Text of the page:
# If it holds that $\forall f \in \mathcal{D}(A): T(t)f-f = \int_0^t T(s) Af ds$ then $A$ is the generator of $\{T(t)\}$

If for some strongly continuous contraction semigroup $\{T(t)\}$ it holds that $\forall f \in \mathcal{D}(A): T(t)f-f = \int_0^t T(s) Af ds$ where:

• $\mathcal{D}(A)$ is dense in $L$
• $A$ is dissipative
• $\mathcal{R}(\lambda - A) = L$ for all $\lambda > 0$

then $A$ is the generator of $\{T(t)\}$. I know it holds that if $A$ is the generator of $\{T(t)\}$, this property holds but I don't see how to show the other direction?

Here $\mathcal{D}(A)$ is the domain of $A$.

## 1 Answer

Suppose $T, A$ satisfy the properties you stated. Start with the identity $$T(t)f = f+\int_{0}^{t}T(s)Afds.$$ Then $T(t)f$ has a strong right derivative at $t=0$ for all $f\in\mathcal{D}(A)$. So the generator $B$ of $T$ has a domain that includes $\mathcal{D}(A)$, and $$Bf = \lim_{h\downarrow 0}\frac{1}{h}(T(t)f-f) = T(0)Af = Af,\;\; f\in\mathcal{D}(A).$$ So the generator $B$ of $T$ either equals $A$ or is a proper extension of $A$. It cannot be a proper extension because $(B-\lambda I)$ is surjective for the generator $B$, which means that if $x \in \mathcal{D}(B)\setminus\mathcal{D}(A)$, then $(A-\lambda I)y = (B-\lambda I)x$ for a unique $y\ne x$, which would be impossible because $(B-\lambda I)y=(B-\lambda I)x$ would then hold, and the invertibility of $B-\lambda I$ would then give a contradiction. So $A=B$ must hold.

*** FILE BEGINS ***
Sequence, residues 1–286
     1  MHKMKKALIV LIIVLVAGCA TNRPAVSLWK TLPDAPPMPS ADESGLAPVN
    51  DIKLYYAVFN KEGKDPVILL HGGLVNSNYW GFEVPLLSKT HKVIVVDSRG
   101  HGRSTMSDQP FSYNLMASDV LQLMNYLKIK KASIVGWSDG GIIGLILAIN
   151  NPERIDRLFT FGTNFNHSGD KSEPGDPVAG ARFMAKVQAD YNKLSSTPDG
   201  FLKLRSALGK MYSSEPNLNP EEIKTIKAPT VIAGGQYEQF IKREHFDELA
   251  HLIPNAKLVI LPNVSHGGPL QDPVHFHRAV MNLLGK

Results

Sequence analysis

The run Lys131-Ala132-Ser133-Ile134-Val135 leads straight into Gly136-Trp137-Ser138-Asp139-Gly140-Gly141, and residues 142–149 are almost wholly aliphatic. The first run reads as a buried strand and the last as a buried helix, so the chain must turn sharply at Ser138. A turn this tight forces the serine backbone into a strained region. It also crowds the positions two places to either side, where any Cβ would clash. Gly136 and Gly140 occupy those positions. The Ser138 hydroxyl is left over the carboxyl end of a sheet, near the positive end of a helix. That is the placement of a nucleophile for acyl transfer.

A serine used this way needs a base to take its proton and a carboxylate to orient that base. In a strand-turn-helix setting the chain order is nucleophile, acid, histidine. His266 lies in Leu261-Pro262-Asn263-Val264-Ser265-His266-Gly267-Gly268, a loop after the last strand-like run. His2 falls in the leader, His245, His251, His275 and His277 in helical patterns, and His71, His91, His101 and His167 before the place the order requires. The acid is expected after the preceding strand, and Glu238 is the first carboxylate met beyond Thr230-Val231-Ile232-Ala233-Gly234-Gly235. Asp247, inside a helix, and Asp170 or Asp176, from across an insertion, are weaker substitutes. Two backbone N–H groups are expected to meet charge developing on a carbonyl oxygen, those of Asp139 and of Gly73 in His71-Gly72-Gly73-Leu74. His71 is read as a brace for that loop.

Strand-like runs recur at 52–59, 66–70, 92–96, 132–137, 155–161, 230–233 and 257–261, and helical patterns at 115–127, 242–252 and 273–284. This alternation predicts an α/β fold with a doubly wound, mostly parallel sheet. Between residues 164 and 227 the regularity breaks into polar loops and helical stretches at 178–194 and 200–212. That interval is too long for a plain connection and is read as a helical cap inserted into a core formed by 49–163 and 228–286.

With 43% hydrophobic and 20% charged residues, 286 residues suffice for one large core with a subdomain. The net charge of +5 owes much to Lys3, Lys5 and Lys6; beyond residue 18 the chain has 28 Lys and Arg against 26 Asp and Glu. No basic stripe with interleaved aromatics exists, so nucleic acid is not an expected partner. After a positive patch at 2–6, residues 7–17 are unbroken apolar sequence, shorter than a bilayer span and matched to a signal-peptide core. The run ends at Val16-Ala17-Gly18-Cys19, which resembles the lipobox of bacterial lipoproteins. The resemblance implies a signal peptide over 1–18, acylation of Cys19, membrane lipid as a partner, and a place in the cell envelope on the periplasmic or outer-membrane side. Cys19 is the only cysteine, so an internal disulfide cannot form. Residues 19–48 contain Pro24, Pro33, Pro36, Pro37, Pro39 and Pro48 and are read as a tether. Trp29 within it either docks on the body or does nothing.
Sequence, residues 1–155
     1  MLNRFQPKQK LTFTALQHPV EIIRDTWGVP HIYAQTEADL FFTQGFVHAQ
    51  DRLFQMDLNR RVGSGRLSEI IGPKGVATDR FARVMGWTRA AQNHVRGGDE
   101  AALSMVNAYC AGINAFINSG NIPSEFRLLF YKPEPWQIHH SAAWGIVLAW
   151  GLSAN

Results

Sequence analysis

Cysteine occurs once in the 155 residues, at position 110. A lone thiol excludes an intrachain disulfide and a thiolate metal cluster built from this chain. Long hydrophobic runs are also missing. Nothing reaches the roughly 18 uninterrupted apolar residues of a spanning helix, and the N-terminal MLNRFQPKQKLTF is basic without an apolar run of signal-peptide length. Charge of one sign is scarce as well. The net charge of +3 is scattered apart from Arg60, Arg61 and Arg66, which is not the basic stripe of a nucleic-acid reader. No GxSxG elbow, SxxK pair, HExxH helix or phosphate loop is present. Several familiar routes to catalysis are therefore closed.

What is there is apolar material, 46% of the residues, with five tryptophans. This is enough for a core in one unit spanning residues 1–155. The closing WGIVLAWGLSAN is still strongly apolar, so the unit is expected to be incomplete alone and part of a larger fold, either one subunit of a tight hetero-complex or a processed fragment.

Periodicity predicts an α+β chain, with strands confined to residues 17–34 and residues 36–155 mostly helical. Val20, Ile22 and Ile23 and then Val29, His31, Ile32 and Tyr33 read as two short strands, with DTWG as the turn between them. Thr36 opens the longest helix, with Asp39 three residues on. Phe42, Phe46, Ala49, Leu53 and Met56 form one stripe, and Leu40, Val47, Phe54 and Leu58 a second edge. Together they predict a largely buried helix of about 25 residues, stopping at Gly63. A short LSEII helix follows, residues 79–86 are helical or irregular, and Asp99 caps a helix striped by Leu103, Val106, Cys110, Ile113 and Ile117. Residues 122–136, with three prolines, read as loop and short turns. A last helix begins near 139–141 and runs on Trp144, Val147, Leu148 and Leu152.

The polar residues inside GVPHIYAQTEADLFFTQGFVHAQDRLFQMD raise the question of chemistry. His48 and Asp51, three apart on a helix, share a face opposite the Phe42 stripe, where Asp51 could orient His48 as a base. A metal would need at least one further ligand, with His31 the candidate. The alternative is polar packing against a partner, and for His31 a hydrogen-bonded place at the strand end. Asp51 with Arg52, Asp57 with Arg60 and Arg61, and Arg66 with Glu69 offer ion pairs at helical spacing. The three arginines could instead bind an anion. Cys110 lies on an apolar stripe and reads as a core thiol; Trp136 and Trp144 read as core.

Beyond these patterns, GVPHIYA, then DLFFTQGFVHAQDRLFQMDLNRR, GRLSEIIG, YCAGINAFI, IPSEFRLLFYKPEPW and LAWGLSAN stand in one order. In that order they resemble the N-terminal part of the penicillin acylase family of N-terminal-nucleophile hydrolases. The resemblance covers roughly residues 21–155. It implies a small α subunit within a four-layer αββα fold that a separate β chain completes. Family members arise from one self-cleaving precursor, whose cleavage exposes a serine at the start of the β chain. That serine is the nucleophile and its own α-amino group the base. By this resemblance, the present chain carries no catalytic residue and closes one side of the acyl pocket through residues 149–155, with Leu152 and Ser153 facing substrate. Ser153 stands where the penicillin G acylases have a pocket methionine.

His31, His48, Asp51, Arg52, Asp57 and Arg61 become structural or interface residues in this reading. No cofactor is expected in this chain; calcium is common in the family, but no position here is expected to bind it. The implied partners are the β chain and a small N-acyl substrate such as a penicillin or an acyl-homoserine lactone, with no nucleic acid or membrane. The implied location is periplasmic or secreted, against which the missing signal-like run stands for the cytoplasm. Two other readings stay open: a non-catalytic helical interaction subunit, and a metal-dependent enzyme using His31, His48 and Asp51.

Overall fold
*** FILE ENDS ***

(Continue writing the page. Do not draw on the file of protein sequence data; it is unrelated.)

• Awesome, totally clear, thanks! – HolyMonk Oct 25 '17 at 16:42
• Ps: love your name – HolyMonk Oct 25 '17 at 16:42
• @HolyMonk : Thanks. – DisintegratingByParts Oct 25 '17 at 17:19